Connecting the dots

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As a DM, one of my self-appointed tasks during the initial reading of an adventure is to identify the major plot points. These are vital because they're the "map" for what I can emphasize to make the adventure feel coherent. It's also the map for how the characters make progress.

If I forget to mention an important clue, then the game could grind to a halt. If I mention a clue, but fail to adequately connect it back to an earlier story thread that was hinting at it all along, then the story feels less like a story and more like disjointed vignettes. I feel like most RPG sessions that adults have tend to be pretty disjointed as it is. You don't have time to ponder and obsess over the minutia of the 2-hour game you played on Friday, because there's chores to do on Saturday and a lawn to mow and bills to pay and then a blur of work days, and on and on.

I want to do everything I can do to help my players recall why their characters are so determened to accomplish their current goal, and how they got to this point in the first place.

Along for the ride

In my experience, it's rare for a large adventure to pull back and give you the big-picture overview.

What I really want from an adventure is a flowchart. I want a literal map of the major plot points of the main quest. I understand that every gaming group is inevitably going to tackle the challenge differently, but I find it less easy to adapt to that when I don't have a map of how the story progresses.

The main quest of any adventure generally happens no matter what the PCs do with their game evenings. If the DM tells the players that the castle's about to be attacked by giants, and the PCs decide to go for a beach holiday anyway, it's important for me as the DM to know what happens "off screen". And when the PCs return to the castle to find that it got plane-shifted away to safety, I need to know what clues to give them so they can find their way to the plane they're supposed to have been whisked away to as they heroically defended the castle. In other words, I like a map so I can reunite lost players with the storyline.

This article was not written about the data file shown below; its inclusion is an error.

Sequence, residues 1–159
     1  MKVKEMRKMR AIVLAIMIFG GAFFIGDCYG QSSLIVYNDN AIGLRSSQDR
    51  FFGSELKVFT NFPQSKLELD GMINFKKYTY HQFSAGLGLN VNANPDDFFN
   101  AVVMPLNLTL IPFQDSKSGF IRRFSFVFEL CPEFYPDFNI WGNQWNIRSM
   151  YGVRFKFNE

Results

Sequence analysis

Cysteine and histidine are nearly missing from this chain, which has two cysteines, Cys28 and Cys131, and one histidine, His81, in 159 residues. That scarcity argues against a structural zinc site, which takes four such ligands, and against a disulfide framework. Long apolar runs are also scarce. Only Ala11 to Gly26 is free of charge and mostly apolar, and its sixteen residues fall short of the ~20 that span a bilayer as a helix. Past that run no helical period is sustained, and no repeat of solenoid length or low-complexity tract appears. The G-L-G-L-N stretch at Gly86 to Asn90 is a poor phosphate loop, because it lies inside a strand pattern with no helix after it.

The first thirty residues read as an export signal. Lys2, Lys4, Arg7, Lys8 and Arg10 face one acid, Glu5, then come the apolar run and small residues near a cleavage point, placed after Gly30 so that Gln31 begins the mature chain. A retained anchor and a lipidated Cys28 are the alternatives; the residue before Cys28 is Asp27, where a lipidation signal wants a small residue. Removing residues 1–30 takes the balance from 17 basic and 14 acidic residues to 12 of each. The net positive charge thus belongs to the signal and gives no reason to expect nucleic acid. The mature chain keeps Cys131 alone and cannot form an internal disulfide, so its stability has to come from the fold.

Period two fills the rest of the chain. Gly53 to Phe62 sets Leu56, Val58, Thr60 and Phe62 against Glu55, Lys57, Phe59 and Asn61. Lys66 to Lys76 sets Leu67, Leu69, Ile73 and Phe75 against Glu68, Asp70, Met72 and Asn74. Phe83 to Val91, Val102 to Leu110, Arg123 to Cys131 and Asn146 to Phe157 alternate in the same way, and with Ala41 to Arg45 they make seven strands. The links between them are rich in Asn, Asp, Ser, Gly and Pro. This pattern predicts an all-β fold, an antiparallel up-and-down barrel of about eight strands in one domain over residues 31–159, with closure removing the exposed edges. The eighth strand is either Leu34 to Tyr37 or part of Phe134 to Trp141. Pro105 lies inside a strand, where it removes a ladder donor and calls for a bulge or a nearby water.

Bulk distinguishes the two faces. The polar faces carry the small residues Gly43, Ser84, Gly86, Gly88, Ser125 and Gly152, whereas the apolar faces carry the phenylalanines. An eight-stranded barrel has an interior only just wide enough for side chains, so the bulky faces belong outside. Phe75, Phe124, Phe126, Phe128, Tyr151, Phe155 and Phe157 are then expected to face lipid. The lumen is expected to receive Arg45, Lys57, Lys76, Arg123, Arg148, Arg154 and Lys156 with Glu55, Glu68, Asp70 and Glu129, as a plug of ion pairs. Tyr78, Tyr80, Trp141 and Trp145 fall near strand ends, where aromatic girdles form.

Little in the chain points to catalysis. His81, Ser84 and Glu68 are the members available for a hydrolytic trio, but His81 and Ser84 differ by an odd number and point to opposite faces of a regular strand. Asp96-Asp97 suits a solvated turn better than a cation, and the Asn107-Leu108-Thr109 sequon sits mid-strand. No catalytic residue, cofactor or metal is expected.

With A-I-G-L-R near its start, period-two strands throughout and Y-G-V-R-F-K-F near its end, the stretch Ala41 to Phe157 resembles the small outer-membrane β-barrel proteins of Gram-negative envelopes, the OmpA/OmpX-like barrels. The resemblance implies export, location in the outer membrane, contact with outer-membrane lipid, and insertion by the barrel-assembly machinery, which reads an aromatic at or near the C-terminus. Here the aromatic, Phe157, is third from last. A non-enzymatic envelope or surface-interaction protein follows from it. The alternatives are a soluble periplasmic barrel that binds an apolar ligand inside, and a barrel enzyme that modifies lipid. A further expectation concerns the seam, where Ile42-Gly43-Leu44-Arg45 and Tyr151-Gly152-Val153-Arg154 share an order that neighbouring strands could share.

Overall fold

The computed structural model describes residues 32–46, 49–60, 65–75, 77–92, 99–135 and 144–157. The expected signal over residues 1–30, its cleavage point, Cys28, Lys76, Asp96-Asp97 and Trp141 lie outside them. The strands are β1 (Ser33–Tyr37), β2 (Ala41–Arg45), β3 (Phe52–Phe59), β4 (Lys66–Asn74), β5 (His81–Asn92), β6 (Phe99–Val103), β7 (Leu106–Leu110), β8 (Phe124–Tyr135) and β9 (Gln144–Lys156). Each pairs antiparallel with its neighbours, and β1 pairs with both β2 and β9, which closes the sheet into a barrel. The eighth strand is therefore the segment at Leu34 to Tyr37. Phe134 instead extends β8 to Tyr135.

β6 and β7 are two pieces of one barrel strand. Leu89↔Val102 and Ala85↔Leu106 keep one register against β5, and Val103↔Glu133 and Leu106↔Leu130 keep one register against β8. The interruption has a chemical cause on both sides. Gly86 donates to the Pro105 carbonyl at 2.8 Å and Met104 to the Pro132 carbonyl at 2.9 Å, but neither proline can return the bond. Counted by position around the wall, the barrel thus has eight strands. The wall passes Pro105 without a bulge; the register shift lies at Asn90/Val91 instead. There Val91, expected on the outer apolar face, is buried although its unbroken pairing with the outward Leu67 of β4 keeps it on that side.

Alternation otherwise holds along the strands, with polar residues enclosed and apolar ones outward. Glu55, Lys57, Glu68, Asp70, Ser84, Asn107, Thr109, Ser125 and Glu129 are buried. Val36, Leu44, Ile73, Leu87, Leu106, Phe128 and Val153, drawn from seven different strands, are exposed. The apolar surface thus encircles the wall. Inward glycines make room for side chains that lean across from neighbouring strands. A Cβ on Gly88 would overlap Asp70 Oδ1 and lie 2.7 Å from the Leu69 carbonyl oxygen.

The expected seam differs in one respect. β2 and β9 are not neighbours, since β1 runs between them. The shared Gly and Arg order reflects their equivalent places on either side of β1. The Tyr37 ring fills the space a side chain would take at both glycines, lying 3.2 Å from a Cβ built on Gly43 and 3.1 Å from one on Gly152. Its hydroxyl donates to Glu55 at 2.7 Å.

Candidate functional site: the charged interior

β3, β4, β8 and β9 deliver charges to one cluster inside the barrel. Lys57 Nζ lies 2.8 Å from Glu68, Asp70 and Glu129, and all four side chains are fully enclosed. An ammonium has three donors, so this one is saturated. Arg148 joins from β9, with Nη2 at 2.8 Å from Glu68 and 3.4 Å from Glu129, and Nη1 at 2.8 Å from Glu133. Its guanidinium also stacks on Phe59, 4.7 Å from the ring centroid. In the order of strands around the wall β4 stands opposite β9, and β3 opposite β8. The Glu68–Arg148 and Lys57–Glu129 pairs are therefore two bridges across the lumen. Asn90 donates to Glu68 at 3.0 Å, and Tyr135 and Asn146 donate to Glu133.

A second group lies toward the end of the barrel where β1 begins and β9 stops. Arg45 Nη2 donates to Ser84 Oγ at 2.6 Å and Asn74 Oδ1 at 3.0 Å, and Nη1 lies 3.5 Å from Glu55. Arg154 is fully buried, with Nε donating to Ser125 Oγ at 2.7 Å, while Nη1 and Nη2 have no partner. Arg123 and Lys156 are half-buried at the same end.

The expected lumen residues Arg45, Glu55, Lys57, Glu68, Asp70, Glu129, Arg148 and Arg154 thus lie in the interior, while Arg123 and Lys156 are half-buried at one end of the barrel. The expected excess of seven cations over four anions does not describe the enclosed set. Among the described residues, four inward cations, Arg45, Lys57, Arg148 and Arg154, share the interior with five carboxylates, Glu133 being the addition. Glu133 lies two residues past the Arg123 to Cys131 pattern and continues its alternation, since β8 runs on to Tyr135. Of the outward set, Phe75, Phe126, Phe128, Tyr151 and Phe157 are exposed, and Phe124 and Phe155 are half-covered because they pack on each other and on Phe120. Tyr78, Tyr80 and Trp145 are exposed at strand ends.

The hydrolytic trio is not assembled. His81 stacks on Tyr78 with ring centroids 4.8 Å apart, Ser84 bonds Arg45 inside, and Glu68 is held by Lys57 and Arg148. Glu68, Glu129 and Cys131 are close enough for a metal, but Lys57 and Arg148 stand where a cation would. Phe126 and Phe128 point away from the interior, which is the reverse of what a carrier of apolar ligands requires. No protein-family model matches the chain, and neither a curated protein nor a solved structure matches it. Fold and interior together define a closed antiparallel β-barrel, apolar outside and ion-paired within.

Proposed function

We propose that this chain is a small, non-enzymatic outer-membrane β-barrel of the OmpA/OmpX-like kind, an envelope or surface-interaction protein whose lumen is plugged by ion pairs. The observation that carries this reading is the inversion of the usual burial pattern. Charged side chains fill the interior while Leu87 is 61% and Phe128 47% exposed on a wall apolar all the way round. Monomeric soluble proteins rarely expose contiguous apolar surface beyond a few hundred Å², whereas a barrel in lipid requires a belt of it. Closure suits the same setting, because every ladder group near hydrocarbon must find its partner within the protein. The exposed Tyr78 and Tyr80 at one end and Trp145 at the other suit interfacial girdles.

Literal flowchart

To the credit of most adventure's I've read or run, there's usually a plot summary at the start of the book. I have a few issues with this, though.

  • It's hard to remember the highlights once I've started planning out the details of just the next game session.

  • It's hard to see connections before I've digested the whole story.

  • It's difficult to reference dense prose quickly.

My own solution to this is to make a literal flowchart of the major plot points. I use the open source application Dia or for this, mapping out just the actual "hand-offs" from one plot trajectory to another. If killing the goblin bandit is how the players obtain the stone key that opens the forgotten Dwarven stronghold, then I have an entry for "kill goblin, find stone key", and it points to "find Dwarven stronghold". In the stronghold, there's a puzzle the players must solve using the bones of fallen Dwarven warriors so that the spirit of the Dwarven king can appear and send them on a quest to the realm of the undead Dragon. Those get entries in my flowchart.

Should I forget to give them the stone key after they kill the goblin, I can refer to the flowchart as I'm trying to figure out what's next in the adventure, and I can make sure they learn about the Dwarven stronghold from a wandering Dwarf NPC who inherited the stone key from her father and is just about to head to the stronghold when she's ambushed and killed before their very eyes.

Should my players miss that there's an arcane puzzle in the crypt, I can ensure that the spirit quest giver appears to the cleric in a dream during the long rest they're taking after a harrowing battle with animated dwarven skeletons.

This is standard stuff for a DM, and it can be done easily without a story map. What I find, though, is that the overview helps me understand why specific elements of the story are significant. For instance, if the story had carefully laid out hints in chapter 1 that eventually the PCs would find their greatest victory by way of a goblin, it sure would be a pity that I swapped out a wandering dwarven adventurer for the goblin bandit they were supposed to have found the key on. Sure, the story progressed even with my change, but it's a missed opportunity to fulfill a story seed that had been carefully planted by the author. And maybe the PCs forgot about those clues, but would suddenly remember, and even see the connections themselves in a twisting and turning storyline. Those are the greatest moments in the storytelling side of an RPG, and I don't want to rob my group of them.

Photos by connor bowe and Averie Woodard under the Unsplash License, modified in Inkscape by David

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